Brandstrup’s premiere at NYCB will be his first work ever for an American company. He has received two Olivier Awards and has choreographed works for multiple companies, including The Royal Ballet, Royal Danish Ballet and Les Grands Ballets Canadiens de Montréal. He will create a ballet to Jeux, by Claude Debussy. —NLG

 

Wendy Whelan and Jock Soto Reunite in Hagoromo
This November, recently retired New York City Ballet principal Wendy Whelan will return to the stage alongside her longtime NYCB partner Jock Soto. The Brooklyn Academy of Music will pre­sent Hagoromo, a production directed by Whelan’s husband, the artist David Michalek.
 

Hagoromo is a classic story of Japanese Noh theater, which dates to the 14th century and combines music, storytelling and dance. The story tells of a humble fisherman who finds an angel’s robe and must return it to her so that she doesn’t die. The show will feature contemporary choreography by David Neumann and three silicone puppets, cast from Whelan’s own body, by Chris Green. Pointe spoke with Whelan before the premiere.

Why were you drawn to this project?
Both David and I have long shared a love of Japanese aesthetic. David always has a million ideas and I hear about them since we share a life together. But this one was special because it was about the chemistry between Jock and I, our maturity and experience, and how there are things we can do better now than ever. I knew he was attracted to Jock’s stage presence and how it resonates similarly with the aesthetic of Noh theater. There is still something rich and deep that can be performed, and I think it is a rare thing to be showing.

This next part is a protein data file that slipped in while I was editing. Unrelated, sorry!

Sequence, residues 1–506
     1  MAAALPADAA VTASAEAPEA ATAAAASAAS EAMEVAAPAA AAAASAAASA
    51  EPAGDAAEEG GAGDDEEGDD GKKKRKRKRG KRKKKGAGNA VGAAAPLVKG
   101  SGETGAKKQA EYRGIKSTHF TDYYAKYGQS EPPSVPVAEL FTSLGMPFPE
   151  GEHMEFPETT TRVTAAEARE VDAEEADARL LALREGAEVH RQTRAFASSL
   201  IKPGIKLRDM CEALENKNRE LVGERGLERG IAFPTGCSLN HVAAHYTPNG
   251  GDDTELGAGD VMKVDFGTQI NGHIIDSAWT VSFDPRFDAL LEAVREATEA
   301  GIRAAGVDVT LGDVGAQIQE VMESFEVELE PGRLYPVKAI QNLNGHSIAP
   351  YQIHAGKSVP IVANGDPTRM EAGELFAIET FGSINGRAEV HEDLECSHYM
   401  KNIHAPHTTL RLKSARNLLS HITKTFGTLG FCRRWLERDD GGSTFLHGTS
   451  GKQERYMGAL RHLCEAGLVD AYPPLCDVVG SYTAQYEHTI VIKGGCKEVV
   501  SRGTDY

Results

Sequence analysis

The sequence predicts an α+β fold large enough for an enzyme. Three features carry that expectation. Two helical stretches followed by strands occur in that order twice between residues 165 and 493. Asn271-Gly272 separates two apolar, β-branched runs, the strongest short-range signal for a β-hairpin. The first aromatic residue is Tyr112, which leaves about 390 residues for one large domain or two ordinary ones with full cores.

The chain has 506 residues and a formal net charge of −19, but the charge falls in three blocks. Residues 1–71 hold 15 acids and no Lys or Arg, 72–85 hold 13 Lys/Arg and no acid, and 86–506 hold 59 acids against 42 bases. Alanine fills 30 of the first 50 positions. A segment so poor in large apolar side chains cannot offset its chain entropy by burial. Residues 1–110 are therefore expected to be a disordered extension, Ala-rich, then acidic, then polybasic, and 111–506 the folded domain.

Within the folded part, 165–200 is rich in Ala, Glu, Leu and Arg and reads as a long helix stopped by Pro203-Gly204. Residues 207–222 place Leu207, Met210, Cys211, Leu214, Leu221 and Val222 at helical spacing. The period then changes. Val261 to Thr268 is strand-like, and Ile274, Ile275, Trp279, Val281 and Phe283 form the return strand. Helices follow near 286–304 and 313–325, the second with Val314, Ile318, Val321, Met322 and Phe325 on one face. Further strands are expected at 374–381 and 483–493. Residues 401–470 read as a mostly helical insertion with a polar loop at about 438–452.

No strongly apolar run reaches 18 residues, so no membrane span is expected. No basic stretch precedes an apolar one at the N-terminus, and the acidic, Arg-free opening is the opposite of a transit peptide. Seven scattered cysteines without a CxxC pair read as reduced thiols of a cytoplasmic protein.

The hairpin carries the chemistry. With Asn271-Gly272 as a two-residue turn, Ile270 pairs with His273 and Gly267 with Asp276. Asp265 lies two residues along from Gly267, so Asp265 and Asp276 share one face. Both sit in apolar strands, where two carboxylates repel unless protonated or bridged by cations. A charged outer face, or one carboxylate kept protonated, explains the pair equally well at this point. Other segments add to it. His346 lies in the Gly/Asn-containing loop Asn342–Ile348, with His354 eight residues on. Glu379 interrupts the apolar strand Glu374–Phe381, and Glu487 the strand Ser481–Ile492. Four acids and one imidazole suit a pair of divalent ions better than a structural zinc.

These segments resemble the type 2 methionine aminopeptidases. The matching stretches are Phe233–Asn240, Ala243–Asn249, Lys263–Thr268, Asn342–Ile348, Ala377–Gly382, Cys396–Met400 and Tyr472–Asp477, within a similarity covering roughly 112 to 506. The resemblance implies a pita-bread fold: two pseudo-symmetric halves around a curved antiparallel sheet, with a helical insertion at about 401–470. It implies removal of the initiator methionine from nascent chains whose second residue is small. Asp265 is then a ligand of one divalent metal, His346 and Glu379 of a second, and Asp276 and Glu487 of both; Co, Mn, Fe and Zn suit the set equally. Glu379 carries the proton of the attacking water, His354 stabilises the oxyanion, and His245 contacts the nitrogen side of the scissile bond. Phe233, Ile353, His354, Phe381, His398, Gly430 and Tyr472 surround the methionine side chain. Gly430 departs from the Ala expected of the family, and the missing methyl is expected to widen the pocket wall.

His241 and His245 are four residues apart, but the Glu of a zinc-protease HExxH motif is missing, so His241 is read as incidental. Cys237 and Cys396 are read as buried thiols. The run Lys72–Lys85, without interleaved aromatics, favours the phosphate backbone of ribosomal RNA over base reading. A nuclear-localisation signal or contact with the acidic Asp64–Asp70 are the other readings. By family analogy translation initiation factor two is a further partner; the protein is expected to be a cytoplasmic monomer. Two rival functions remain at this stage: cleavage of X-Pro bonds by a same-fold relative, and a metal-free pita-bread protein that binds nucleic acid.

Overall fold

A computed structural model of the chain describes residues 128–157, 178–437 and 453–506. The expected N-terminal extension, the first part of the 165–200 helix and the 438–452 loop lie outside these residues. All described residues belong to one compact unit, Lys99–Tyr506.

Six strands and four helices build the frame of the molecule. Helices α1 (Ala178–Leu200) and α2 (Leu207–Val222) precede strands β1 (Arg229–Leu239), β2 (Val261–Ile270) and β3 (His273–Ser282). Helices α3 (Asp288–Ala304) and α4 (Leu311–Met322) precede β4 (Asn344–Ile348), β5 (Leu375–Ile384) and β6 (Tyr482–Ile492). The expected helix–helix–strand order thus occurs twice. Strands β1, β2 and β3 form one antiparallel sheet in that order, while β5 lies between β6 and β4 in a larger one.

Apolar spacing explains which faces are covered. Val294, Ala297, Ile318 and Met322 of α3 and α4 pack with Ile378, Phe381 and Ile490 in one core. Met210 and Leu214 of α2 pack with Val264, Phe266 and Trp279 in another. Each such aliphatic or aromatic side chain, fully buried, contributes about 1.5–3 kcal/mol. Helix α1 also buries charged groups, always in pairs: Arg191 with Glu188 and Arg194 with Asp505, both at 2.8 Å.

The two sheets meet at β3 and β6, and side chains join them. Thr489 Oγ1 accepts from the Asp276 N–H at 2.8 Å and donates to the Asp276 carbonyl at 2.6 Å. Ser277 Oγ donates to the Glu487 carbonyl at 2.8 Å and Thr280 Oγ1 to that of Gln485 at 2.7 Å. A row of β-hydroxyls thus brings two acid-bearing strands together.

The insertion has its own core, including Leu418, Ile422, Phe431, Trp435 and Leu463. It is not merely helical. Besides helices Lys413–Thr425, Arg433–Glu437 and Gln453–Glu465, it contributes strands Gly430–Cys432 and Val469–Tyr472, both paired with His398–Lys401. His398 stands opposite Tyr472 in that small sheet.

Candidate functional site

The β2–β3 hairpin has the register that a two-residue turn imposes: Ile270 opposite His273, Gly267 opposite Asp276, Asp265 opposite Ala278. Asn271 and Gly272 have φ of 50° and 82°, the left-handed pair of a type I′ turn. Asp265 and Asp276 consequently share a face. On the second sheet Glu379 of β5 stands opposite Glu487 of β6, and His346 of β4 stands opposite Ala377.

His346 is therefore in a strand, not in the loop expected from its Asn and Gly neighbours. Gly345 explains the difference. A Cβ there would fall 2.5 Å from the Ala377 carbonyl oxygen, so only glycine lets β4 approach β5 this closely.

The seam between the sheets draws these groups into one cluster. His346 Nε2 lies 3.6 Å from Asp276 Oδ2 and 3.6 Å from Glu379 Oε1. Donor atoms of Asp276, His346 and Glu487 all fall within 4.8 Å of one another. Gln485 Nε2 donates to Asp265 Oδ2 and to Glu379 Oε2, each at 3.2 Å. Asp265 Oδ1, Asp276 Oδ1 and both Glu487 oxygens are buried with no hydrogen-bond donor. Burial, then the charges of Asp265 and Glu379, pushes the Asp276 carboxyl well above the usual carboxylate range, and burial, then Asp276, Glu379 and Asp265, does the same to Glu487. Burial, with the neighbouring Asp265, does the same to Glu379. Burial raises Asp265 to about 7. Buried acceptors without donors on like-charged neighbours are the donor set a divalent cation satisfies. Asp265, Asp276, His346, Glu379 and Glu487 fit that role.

How are you using your ballet background in this show?
So far it is totally different than ballet. The only similarity is the emotional intensity it requires. Both the body and the design are not balletic in nature, but I can’t help but bring ballet to anything I do. However, I am not thinking of arabesques, but rather more about following a line of intention with discipline.

Have you ever danced David Neumann’s choreography or worked with puppets before?
No, the puppets and Neumann are an unknown to me. Neumann is known for being an awesome break dancer, and I am yet to be seen as renowned in that genre of dance. However, that’s the fascinating and challenging part, and I look forward to accentuating the movement of the joints and exploring more sliding movements on the floor. Though we have played and improvised a bit, working on a few of the Noh motifs and ideas, I think a lot of the movement will be putting pieces together to forge links: between the ancient and the modern, between the Neumann and the Whelan, between the puppets and the performer. —Candice Thompson